The Social Media Summit was a rare opportunity for creators to have their voices elevated to the national stage, after years of complaints about being suppressed by giant tech companies such as Google and Facebook.
“You’re challenging the media gatekeepers and corporate censors to bring the facts straight to the American people. … Thank you very much on behalf of the nation,” Trump said, delivering remarks after the summit.
Among the known invitees were big names in the conservative movement such as PragerU, the Heritage Foundation, and Turning Point USA, as well as conservative media watchdog Media Research Center, investigative journalism outfit Project Veritas, and independent journalist and commentator Tim Pool, who identifies as center-left. Also invited was the man behind the social media accounts branded Carpe Donktum, known for producing humorous pro-Trump videos, some of which Trump has reposted on his Twitter account.
Many of the attendees have previously reported that they were censored by tech platforms, or have highlighted the issue of political censorship in their content.
Internal documents, interviews with insiders, and hidden camera footage—the bulk of which was published by Project Veritas—have showed companies including Facebook, Google, Twitter, and Pinterest suppressing conservative content often using vague or secret rules that reflect political leanings of the companies.
“They’re playing with a lot of minds and they’re playing unfairly,” Trump said.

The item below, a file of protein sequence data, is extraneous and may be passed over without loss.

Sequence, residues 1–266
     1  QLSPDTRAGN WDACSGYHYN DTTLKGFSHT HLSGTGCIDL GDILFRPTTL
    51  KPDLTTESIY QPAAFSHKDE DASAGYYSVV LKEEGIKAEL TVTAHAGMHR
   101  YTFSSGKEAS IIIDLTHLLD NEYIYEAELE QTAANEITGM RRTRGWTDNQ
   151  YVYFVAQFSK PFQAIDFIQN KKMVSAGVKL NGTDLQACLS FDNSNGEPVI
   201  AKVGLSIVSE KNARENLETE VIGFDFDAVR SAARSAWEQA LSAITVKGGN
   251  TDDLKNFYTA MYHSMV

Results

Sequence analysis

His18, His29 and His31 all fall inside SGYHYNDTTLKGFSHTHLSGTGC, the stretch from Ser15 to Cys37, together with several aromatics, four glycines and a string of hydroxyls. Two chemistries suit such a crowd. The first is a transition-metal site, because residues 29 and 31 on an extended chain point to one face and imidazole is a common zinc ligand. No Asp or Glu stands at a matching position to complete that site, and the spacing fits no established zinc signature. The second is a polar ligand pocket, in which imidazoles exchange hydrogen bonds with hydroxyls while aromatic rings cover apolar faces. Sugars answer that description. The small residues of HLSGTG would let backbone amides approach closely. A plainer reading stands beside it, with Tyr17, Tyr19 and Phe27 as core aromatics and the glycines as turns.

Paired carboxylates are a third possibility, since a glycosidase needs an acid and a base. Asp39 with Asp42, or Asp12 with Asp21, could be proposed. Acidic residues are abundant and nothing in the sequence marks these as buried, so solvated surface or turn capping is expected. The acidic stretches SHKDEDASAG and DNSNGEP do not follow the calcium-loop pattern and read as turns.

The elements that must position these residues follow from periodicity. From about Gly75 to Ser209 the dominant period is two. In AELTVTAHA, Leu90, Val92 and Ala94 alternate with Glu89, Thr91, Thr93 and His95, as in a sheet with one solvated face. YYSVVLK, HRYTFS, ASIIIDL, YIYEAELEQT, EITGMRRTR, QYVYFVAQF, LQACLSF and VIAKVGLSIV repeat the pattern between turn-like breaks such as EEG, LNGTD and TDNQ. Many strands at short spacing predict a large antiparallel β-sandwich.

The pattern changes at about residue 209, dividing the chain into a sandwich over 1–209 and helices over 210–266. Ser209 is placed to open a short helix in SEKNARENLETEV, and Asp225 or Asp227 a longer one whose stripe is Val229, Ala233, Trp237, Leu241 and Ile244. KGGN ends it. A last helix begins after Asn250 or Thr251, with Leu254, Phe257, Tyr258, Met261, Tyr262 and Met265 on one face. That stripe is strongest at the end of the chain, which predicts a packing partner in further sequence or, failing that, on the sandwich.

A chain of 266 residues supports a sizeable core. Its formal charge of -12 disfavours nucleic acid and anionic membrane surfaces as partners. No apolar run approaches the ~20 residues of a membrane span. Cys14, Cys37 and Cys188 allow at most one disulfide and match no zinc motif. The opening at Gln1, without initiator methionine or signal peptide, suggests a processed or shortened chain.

Trump said his own social media accounts may have been targeted, giving examples of people having trouble following him on Twitter, his follower growth slowing by a factor of 10 in recent months, and even engagement counts getting subtracted from his posts.
Meeting With Tech Executives
Trump has previously come to the defense of several conservative figures banned from social media. The White House set up a website in May where people can file reports if they believe their social media accounts have been banned, suspended, or otherwise affected because of political bias.
The website has received 16,000 responses, Trump said.
He announced that he will invite big tech executives to a meeting in the next month where the collected feedback will be used to further discuss the issue of censorship.
“Big tech must not censor the voices of American people,” he said.
While the tech companies have denied political bias, there’s growing evidence that they infuse their political preferences into their products.
Google, for instance, has given prominence to content that is aligned with its preferred worldview at the expense of content that isn’t, based on internal documents and employees speaking out or being caught on hidden camera by Project Veritas.
Conservatives have been reluctant to call for government intervention into how social media polices content, but many worry that social media’s silencing of conservative voices could sway the results of the 2020 presidential election.
One of the most commonly debated ideas is stripping social media of their “platform” designation if they continue to enforce rules resembling an editorial policy. If treated as publishers, the companies would be open to defamation lawsuits over user content on their sites.
Another idea is to use a threat of antitrust action to make the companies back off from censorship.
Some have even argued that access to social media platforms should be codified as a civil right, which would, for instance, prohibit large social media platforms from banning users unless they engage in unlawful speech.
While these companies have stated their belief in free speech, their content policies openly embrace concepts that reflect certain political leanings, such as their prohibition of “hate speech.”
Democrats are much more likely to call a variety of statements “hateful,” while Republicans are more likely to call them “offensive, but not hateful,” a 2017 Cato survey found (pdf).
Trump said his goal is to ensure free speech for everybody, including those who disagree with him.
“We don’t want anything special, but we want free speech,” he said.